Transitioning into a new season encourages outdoor living as well opportunities to invite others into our home. Some times are best for outside while others draw everyone toward the coziness of the fireplace. When the focus is on serving instead of being self-conscience or striving to impress others, the stress of hospitality evaporates. Serving and ministering to others transforms the giver even more than the recipient. Whether creating a happier home for your family or serving others, our home should be a place where doing life together creates wonderful memories. When considering ways to nurture in your home, few habits are more impactful than hospitality habits. These ideas apply to those close to you as well as others you might want to invite into the warmth of your home and activities.
Warm-heartedness creates a hum in the home. Remember that those who live in your home are the people that you are doing life with right now. This is intentional homebuilding.
Indulge in the rhythms of the seasons, of celebrations, of traditions, of birthdays, of graduations and just regular days.
Aim to sit together for meals.
Take road trips for the fun of it. Make memories and soak in long interrupted hours for talking.
Make every birthday a birthday week or month. Celebrate longer! Don’t limit planned activities to one day.
Listen to books together. Read books together. Maybe you could read a chapter of a book each time you purpose to read together. When the weather is too hot, too cold or even too rainy, grab a book to read out loud.
Tell each other about what you are reading as if you have your own family book club. If you make notes and highlight the books you are reading, use these clues to talk through a book you are reading. Share what you are learning. Explore how this material might grow you, how it might spark a new activity or how you might be inspired to change.
Help each other get to where they are going on time. Remember, if you are early, you are on time. If you are on time, you are late.
Make an extra sandwich if you know someone is going to need a lunch. Sometimes planning ahead to be kind is exciting because you launch out with the intention of finding someone who needs your kindness. It is like being on a secret mission!!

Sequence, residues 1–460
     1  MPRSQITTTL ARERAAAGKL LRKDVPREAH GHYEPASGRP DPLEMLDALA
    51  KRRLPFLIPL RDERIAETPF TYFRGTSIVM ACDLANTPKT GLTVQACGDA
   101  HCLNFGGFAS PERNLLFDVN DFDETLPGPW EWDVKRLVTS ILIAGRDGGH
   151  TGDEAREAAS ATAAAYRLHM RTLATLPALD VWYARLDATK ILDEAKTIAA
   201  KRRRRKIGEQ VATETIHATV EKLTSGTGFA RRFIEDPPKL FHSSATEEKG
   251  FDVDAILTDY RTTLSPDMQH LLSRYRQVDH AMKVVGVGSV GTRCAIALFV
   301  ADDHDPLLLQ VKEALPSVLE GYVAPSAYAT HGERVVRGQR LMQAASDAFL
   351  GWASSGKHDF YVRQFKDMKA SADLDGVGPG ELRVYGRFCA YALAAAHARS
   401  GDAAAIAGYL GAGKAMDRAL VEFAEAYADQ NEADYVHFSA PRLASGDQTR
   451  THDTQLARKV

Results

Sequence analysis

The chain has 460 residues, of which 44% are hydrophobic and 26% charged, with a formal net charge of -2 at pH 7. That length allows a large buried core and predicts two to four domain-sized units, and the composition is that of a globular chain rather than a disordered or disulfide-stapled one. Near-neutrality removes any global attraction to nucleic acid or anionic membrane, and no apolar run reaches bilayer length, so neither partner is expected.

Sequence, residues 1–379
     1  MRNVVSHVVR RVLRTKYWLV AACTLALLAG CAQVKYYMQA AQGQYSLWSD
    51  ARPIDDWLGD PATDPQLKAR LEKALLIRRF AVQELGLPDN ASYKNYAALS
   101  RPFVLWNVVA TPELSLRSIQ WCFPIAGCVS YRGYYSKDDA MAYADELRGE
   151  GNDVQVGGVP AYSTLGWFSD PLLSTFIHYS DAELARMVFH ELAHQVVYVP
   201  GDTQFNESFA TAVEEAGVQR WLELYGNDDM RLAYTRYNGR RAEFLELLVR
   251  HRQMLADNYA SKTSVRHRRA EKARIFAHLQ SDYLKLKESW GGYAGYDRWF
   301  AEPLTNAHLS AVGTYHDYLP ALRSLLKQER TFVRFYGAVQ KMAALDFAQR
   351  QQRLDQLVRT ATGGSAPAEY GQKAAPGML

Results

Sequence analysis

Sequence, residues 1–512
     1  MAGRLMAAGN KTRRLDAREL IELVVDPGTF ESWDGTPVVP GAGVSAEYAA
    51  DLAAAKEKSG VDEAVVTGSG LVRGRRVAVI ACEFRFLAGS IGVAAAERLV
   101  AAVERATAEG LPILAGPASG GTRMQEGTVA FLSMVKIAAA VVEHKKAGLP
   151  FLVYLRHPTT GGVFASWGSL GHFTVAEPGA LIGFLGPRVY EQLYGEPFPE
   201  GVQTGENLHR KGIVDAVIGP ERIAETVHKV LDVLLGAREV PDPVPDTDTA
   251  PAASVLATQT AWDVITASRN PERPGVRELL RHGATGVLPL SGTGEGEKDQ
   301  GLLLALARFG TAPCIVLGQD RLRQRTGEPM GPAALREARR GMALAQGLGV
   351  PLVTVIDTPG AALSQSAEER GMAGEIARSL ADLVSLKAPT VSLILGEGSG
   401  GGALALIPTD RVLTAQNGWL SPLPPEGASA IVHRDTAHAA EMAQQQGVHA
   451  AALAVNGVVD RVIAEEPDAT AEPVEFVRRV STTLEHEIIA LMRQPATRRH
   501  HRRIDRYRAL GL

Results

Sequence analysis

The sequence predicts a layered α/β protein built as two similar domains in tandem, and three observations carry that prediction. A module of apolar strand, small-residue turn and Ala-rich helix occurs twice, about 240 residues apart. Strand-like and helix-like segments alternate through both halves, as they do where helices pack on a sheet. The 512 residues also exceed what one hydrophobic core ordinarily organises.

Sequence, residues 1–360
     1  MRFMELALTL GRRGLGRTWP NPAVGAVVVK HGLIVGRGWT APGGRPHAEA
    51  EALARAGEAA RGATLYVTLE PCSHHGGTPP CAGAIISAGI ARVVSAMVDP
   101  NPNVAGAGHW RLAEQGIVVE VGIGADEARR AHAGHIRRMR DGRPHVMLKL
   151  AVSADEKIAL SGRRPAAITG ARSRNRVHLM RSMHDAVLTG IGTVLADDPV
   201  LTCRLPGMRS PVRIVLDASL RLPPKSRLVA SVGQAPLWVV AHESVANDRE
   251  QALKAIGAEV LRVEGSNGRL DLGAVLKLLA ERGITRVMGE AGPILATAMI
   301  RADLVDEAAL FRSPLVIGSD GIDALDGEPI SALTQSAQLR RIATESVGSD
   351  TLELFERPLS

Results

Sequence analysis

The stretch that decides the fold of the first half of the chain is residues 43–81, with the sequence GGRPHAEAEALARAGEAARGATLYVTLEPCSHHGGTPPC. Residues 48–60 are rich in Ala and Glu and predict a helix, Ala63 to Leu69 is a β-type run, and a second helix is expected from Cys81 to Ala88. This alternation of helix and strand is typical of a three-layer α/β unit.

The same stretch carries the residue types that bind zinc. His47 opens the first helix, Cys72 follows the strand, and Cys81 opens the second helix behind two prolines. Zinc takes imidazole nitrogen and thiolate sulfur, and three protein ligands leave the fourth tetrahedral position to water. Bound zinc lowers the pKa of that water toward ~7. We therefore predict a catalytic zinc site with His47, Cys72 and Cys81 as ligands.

Practice technology free meals as well as creating conversation spaces.
Try international foods together. (I taught everyone how to make sushi this past Thanksgiving Day. Why? Because I could. Everyone loved it. I might have started a new tradition.)
Celebrate snow days. Take pictures. Go sledding. Ride a huge cardboard box down the best hill in the neighborhood.
Sit by the fire.
Make hot chocolate.
Take Sabbaticals. Rest together. Worship together.
Read Scripture out loud together. Sing together.
Be loyal always. Speak positive words about your people in public when they are standing near you or when they are absent. It will quickly get back to them when you have spoken well of them to others.
Ask those that live in your home “What makes you feel loved? Cared for? Nurtured? If you are married, ask your husband, “What can I do to help you? How can I help you to be successful?” Some time ago when my children were all going to their orthodontist, I remember telling him that on most mornings I ask my husband what I can do for him that day. He almost fell on the floor. The next time I saw him he asked if I had asked my husband what I could do for him this morning. Of course, I had. I recited his response. This seemed so common to me, but not to him. It made me think that we need to be thoughtful of those we live with first and then practice kindness outside our home. It is not that we should be a doormat or embrace entitlement or encourage a lack of responsibility. Be sensitive to serving others that actually live with us in small and meaningful ways. Sometimes intuition will give you ideas. Practice kindness every day at home. It is a lifestyle pattern.